President Cyril Ramaphosa announcing his new cabinet. Picture: WALDO SWIEGERS/BLOOMBERG
President Cyril Ramaphosa announcing his new cabinet. Picture: WALDO SWIEGERS/BLOOMBERG

President Cyril Ramaphosa’s new cabinet is not the lean, mean, business-oriented machine that many in business had hoped for. But it is a start.

Ramaphosa has carefully navigated the internal dynamics of the ANC and appointed a cabinet in which all its regional parts; its youth and women’s leagues; its allies in the SACP and Cosatu; its senior corps of leaders, and its main factions are all represented.

The retention of some former deputy ministers as well as the promotion of MPs to the status of deputy ministers means that Ramaphosa has cleverly strengthened his hand in parliament, an arena which — given the composition of the ANC election lists — might have turned into a problem as his presidency gets under way.

A plan is needed to deal with the debt, which will likely balloon as the government takes over Eskom’s portion.

By appointing several of Jacob Zuma’s old teammates, Ramaphosa has strengthened himself ahead of the ANC’s national general council in 2020. It is at this gathering that the Zuma “fight-back” crowd has threatened to launch the process to unseat him.

That said, there are several younger, energetic and promising new appointments to the cabinet and most certainly a greater proportion of competence and skill than we have seen over the past 10 years. And even though the new cabinet members are not all unblemished, Ramaphosa has set the bar higher for ethical behaviour in the future.

The political consequences of this are both good and bad. The bad is that the cabinet is still padded out with deputies and some of these, as well as some of the full ministers who have been retained, have not been selected on merit. The good is that if Ramaphosa’s unity project gains real traction and the in-fighting in the ANC subsides we could be in for a prolonged period of stability.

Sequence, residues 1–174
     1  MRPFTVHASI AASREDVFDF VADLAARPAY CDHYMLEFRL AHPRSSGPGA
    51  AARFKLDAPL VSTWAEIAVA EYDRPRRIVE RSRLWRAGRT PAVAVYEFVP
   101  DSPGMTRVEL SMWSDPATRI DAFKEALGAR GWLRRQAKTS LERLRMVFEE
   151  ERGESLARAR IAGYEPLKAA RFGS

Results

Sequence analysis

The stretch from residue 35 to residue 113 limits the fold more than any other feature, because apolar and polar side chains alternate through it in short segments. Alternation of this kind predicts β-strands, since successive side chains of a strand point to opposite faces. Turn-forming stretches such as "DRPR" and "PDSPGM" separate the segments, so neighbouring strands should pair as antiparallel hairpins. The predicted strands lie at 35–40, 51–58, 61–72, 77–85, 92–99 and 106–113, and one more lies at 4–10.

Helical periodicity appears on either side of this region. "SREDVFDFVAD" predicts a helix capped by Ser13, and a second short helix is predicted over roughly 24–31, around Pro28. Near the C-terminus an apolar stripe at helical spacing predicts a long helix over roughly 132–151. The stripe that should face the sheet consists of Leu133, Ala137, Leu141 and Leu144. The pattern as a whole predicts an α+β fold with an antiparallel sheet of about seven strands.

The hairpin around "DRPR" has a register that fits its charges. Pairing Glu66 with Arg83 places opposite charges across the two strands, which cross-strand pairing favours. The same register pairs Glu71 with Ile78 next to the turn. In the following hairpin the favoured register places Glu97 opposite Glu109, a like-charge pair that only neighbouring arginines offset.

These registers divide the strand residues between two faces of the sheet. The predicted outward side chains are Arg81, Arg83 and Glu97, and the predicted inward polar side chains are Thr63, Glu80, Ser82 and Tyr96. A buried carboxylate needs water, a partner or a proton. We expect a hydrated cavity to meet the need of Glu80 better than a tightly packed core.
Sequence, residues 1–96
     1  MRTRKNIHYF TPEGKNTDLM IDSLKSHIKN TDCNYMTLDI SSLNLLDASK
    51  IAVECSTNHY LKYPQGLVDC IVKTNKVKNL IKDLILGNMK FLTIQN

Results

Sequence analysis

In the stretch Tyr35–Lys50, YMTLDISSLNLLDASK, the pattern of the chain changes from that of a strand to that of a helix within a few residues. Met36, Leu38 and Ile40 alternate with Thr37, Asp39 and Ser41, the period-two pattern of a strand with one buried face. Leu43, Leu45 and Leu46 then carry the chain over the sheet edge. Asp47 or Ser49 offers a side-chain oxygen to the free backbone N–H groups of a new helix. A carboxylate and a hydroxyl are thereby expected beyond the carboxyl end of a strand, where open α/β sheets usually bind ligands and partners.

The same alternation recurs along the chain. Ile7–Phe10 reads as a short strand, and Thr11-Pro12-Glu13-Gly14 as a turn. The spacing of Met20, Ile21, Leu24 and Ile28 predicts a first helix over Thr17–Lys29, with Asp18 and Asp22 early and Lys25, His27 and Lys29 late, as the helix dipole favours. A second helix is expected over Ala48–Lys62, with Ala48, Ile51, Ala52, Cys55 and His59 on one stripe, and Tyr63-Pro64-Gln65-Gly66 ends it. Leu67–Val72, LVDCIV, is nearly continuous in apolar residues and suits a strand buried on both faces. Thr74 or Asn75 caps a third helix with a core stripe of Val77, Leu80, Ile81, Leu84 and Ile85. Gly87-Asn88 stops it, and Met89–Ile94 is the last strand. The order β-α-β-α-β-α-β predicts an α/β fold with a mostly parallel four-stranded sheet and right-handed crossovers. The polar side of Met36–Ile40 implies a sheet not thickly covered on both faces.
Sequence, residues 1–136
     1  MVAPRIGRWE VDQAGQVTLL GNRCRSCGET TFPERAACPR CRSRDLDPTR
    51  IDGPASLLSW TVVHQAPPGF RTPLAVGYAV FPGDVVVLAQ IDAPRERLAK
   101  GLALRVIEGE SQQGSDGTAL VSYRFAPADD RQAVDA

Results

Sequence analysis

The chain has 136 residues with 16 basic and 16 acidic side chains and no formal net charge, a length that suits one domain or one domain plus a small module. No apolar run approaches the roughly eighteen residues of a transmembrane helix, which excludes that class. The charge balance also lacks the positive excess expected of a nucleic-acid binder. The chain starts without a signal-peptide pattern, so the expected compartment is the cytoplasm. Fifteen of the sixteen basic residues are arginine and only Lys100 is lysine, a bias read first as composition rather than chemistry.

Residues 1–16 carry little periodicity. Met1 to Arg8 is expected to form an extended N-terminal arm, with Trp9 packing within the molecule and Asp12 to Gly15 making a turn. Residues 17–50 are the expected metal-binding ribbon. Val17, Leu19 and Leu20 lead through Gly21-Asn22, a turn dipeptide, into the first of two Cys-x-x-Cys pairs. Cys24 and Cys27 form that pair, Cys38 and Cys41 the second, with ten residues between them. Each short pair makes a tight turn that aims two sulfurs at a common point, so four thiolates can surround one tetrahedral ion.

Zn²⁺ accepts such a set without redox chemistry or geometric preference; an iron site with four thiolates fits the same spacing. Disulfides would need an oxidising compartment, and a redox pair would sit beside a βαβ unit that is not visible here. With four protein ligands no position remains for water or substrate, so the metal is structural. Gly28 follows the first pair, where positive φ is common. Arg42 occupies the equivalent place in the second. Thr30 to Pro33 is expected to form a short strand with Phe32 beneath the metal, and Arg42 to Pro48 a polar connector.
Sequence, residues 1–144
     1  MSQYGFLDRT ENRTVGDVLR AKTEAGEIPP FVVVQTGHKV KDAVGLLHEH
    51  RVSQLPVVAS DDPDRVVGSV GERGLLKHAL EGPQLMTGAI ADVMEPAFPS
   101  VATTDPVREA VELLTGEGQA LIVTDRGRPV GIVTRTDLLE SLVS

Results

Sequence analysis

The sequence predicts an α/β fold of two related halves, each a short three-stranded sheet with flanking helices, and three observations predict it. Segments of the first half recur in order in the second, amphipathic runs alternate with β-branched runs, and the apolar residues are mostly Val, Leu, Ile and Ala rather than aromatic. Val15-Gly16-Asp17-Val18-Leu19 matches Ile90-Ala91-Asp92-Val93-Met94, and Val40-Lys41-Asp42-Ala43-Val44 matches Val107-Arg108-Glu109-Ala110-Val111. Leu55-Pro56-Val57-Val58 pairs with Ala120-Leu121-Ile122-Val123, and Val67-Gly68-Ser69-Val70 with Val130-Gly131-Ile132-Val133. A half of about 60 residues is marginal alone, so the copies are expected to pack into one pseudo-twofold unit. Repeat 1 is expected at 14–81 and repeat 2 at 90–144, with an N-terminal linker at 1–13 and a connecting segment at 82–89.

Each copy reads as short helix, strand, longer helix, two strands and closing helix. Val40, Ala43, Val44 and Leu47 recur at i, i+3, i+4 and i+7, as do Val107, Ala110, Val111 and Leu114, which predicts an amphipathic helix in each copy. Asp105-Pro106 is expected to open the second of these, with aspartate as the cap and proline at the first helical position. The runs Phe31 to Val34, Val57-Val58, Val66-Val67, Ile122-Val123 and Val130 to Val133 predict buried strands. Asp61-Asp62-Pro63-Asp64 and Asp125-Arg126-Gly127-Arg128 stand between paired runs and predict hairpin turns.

But will we be in for a period of prolonged growth, which is what the country needs most?

The reappointments of Tito Mboweni  in finance and Pravin Gordhan in public enterprises have, as expected, been welcomed by the market. Both have the essential requirements: they are familiar with the key priorities and are competent and politically courageous. But, frankly, as far as economic reform goes, both have made little progress in the time that they have been in their roles.

In part, this is because the past year of the Ramaphosa government has been a holding operation. For example, Gordhan (and Ramaphosa for that matter) has not got down to the business of what to do with bankrupt state-owned companies. Some initial work has been done on Eskom, but none of the difficult steps has been taken. Ambiguity over privatisation in general remains.

In the case of the Treasury, where Mboweni has been for only seven months in what was considered a temporary capacity, some difficult and urgent decisions need to be taken. SA’s public finances are in their worst shape since 1994. A plan is needed to deal with the debt, which will likely balloon as the government takes over Eskom’s portion. And public finances need to be rebalanced away from consumption towards investment spending.

During the first year of the Ramaphosa presidency the reality has been that nobody has wanted to take the hard decisions. Ramaphosa himself has been the main culprit: he has promised no jobs losses to public servants and Eskom employees; he has also promised no privatisation at Eskom.

Telecoms, mining and energy need urgent economic reforms and policy clarity which can no longer be delayed. Education reform needs to be genuine and far reaching. Home affairs and the visa regime must be urgently fixed. The safety and security situation needs to be addressed.

Without these things the economy will not grow and the social needs of SA’s poor will not be met.  

Now is the time for Ramaphosa to lead. He has selected his cabinet first with an eye on the consolidation of power. For our combined future — business, workers, the middle class, the poor and the unemployed — we all need him to use it.